A step ahead on Drupal 8 with easy accessibility design

The biggest mistake is bigger than Drupal: They don't consider it at all. This isn't a platform thing, it's a problem that is endemic to the web. Big companies get dragged into accessibility via legal threats. Small companies don't even think about it. Just the act of raising accessibility as an issue, and asking your team to keep it in mind throughout the design and development process is a big deal. You have to start somewhere. Read more

today's leftovers

  • Podcast Season 4 Episode 8
    In this episode: Bitcoin scandal. RMS wins an award. Savers and rich people can buy the DragonBox Prya (thanks Canseco!) and Devuan reaches beta. Plus loads of Finds, Neurons and a long-stewing Voice of the Masses.
  • Interop: SDN Growing to $12.5B, SD-WAN to $6B
    "Open source is not just at the bottom of the networking stack, it now goes from layer 2 all the way up to network and security services," Casemore said. "It's significant fact in the market landscape and vendors have to give it due consideration."
  • RcppArmadillo 0.6.700.6.0
    A second Armadillo release 6.700.6 came out in the 6.700 series, and we uploaded RcppArmadillo 0.6.700.6.0 to CRAN and Debian. This followed the usual thorough reverse-dependecy checking of by now 220 packages using.
  • Vivaldi Browser's New Snapshot Adds Editable Mouse Gestures, Tab Improvements
    We've been informed by Vivaldi's Ruarí Ødegaard about the availability of a new snapshot build of the proprietary Vivaldi web browser for all supported platforms, including GNU/Linux, Mac OS X, and Microsoft Windows. Vivaldi Snapshot 1.2.470.11 is now live for those who want to get an early taste of what's coming in the next stable update of the cross-platform web browser, which it looks like it gets a lot of attention lately, especially from those who want to migrate from Chromium-based browsers like Google Chrome or Opera. And today's snapshot introduces editable mouse gestures.
  • GNOME's Nautilus File Manager: "Its Best Moment Since It Was Created"
    At various points in GNOME's history the Nautilus file manager has been less than maintained, but these days the situation is much brighter. GNOME developer Carlos Soriano has come out to write about how great the Nautilus situation is these days. Soriano wrote in a new blog post, "as far as I can see the development status of Nautilus it’s in its best moment since it was created, and part of that is thanks of the status of gtk+ development and the values and vision of GNOME as a project."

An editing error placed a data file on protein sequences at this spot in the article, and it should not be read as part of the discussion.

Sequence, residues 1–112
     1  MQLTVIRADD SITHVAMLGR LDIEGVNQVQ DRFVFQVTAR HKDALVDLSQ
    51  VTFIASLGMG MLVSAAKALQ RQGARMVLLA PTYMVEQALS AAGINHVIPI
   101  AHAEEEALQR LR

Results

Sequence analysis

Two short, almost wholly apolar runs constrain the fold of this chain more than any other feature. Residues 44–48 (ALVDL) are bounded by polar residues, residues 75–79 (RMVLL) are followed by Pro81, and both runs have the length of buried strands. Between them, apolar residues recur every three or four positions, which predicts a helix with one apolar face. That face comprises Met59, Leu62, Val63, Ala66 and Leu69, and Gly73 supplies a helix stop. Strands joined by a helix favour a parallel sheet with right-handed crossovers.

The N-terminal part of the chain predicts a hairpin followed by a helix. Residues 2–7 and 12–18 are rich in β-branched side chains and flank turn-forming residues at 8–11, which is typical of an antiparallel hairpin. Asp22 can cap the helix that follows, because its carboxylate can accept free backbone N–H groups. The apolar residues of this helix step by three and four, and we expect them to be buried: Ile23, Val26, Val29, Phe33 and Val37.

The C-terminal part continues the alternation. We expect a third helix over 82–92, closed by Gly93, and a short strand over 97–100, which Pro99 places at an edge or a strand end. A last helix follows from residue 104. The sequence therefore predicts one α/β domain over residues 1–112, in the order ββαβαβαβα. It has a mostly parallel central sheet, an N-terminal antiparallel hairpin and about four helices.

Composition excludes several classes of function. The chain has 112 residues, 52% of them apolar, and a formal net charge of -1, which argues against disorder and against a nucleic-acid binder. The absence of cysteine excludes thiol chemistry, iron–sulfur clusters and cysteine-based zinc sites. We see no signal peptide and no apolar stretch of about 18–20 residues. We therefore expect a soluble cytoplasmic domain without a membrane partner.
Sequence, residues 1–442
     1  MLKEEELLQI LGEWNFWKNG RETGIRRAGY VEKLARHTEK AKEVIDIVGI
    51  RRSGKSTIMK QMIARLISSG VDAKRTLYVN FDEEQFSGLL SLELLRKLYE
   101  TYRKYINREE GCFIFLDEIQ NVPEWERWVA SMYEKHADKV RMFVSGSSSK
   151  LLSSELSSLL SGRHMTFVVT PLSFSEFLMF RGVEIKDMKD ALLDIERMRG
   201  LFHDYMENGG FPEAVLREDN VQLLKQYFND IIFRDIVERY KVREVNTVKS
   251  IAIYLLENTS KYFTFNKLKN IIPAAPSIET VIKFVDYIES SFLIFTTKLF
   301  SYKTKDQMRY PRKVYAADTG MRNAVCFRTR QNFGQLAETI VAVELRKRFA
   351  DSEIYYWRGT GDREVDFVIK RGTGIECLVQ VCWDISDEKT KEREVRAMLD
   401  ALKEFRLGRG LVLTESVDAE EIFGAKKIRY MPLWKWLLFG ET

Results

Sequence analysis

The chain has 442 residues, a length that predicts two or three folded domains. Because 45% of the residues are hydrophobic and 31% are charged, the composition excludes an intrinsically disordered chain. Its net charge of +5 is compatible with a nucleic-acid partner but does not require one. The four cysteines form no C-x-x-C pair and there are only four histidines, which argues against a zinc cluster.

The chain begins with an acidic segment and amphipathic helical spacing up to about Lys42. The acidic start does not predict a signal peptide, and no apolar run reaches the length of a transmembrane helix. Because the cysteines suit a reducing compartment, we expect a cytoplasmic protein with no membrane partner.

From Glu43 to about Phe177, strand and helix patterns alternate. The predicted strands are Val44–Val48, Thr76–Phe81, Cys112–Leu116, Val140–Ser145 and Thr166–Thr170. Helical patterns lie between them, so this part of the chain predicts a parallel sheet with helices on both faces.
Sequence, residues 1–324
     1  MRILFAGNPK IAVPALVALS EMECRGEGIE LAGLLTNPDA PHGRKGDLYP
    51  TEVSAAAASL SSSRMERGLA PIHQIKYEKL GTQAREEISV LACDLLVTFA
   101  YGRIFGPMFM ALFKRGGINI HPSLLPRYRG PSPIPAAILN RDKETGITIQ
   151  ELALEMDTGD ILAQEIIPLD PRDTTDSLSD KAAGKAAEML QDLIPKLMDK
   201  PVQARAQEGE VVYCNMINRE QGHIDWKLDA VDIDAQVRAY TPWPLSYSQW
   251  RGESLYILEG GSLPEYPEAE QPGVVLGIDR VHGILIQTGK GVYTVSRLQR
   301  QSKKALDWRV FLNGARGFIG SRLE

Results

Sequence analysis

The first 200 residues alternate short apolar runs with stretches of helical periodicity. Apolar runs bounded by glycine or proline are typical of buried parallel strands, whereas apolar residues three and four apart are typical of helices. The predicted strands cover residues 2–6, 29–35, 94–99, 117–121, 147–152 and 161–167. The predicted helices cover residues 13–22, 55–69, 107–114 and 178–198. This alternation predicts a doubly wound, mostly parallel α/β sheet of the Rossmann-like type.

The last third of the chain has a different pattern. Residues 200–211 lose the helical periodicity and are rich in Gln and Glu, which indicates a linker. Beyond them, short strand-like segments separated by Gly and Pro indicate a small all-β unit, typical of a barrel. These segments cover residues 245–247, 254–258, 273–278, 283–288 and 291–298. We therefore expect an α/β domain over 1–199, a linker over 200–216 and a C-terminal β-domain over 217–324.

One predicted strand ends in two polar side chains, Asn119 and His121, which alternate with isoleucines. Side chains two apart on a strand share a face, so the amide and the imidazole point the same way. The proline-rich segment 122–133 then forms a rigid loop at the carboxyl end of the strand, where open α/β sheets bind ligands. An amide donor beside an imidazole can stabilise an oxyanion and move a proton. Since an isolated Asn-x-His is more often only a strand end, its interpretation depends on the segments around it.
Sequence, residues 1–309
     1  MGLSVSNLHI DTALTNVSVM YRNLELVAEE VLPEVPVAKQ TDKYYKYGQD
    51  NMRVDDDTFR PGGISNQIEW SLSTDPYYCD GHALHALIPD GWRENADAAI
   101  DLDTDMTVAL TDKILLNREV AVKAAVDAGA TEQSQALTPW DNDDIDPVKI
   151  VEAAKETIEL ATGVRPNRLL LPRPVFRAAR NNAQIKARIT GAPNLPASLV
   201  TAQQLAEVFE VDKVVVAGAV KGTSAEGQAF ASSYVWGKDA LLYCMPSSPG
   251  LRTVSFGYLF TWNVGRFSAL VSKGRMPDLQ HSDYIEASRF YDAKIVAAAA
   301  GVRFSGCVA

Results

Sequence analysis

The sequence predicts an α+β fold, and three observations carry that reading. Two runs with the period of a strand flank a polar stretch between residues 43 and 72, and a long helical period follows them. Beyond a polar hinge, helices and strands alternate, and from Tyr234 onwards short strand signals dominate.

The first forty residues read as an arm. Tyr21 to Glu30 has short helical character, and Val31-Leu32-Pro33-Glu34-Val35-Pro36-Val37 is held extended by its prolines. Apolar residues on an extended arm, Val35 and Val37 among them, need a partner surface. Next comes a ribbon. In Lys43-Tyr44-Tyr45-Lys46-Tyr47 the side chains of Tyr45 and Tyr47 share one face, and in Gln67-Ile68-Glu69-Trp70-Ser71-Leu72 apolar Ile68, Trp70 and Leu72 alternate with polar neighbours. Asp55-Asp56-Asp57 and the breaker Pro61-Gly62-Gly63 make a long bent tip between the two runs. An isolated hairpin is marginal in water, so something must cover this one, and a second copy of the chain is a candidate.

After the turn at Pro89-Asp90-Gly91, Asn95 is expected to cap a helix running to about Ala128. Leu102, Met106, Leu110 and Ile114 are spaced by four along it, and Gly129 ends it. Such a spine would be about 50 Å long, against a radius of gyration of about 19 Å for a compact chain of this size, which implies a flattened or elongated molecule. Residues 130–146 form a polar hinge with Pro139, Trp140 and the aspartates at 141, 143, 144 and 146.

• Neptune Linux 4.5.1 ISO Out Now with USB 3 Boot Support, KDE Plasma 5.6.2
    Neptune developer Leszek Lesner announced the release and general availability of a new Live ISO image for his Neptune Linux rolling operating system, version 4.5.1. The new Neptune Linux 4.5.1 ISO is now ready for download and includes all the updated packages and security patches released in the distribution's main software repositories since Neptune 4.5.
  • My free software activities, April 2016
  • m23 rock 16.2 brings support for Ubuntu 16.04 clients
    From this version on, m23 offers support for m23 clients using Ubuntu 16.04 LTS Xenial Xerus. A set of desktop environments is, of course, included for the new Ubuntu. Friends of the Univention Corporate Servers will be happy to hear that the m23 app is now available in the Univention App Center. As always, several small improvements have also been made to various parts of the software.
  • Unity 8 and Snaps Are the Future of the Ubuntu Desktop, After Ubuntu 16.10
    Today, May 5, 2016, is the last day of the Ubuntu Online Summit 2016, and we've just attended a very exciting session where the Ubuntu developers have discussed the future of the Ubuntu Desktop after Ubuntu 16.10 (Yakkety Yak). You can watch the entire session below if you don't want to read the next paragraphs, but as usual, we'll try to detail and explain a few things for you so that you know now what to expect from future versions of the Ubuntu Linux operating system, on the desktop, of course.
  • Router hackers reach for the fork: LEDE splits from OpenWRT
    A split seems to have emerged in the Linux-router-OS community, with a breakaway group splitting from OpenWRT. OpenWRT is the chief open router firmware implementation, but it has run into headwinds of late. For example, downtime for the group earlier this year was traced back to the small organisation running a single, small, server without redundancy.
  • Samsung’s 360 degree camera will cost just about $350, oh and it runs Tizen !
    Samsung is one of those big guns from the consumer electronics market who has been betting huge on Virtual Reality. After partnering with Oculus for the Gear VR headset which has set its own benchmark for the best untethered VR solution one can buy, now that the headset has been in good shape, Samsung is working out ways to deliver content on it. Samsung have joined hands with multiple partners to provide VR experiences on its Milk VR platform and had also unveiled its own 360 degree camera at Unpacked 2016 event back in february- Gear 360 to let almost anyone to produce 360 degree content that can be viewed on the Gear VR.